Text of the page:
Dates and figs: naturally sweet
Dates and figs are also relatively low-acid. Years ago, these fruits were often served after dinner like candy because of their natural sweetness. Today, dates and figs can add sweetness to baked goods, smoothies, or granola.
Melons: potentially safe to eat if you have acid reflux
Watermelons and cantaloupes are high in vitamins and super low in calories. They're also high on the pH scale, meaning that they're relatively low in acid.
Papaya: healthy taste of warmer climates
Papayas are low in acid and offer a taste of the tropics. They are also packed with carotenes and vitamin C. If your grocery does not carry fresh papaya, you can usually find it cut up and frozen, or dried and packaged.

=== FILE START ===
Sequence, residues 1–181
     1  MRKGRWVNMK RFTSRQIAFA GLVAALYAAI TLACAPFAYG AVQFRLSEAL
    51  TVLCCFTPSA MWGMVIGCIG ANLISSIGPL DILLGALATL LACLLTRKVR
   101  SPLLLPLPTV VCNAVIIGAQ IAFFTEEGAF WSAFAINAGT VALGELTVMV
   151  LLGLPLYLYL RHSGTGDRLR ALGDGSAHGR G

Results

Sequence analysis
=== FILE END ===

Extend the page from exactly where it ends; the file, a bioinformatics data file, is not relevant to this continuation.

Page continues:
Berries: delicious, nutritious, plus low acid content
Berries are nutritional powerhouses, with some of the highest antioxidant levels of any fresh fruit. And they can be high in Ph, too, and potentially tolerated if you have acid reflux — especially blackberries, raspberries, and strawberries. Tip: buy strawberries organic, because they topped the Environmental Working Group’s “Dirty Dozen” list of most pesticide-laden fruits and vegetables in 2018.
Next steps if you have acid reflux
It's important that you slowly test which fruits work well with your unique digestive system. Acid reflux can be complicated and is usually the result of myriad of factors, not just the ingestion of one food group.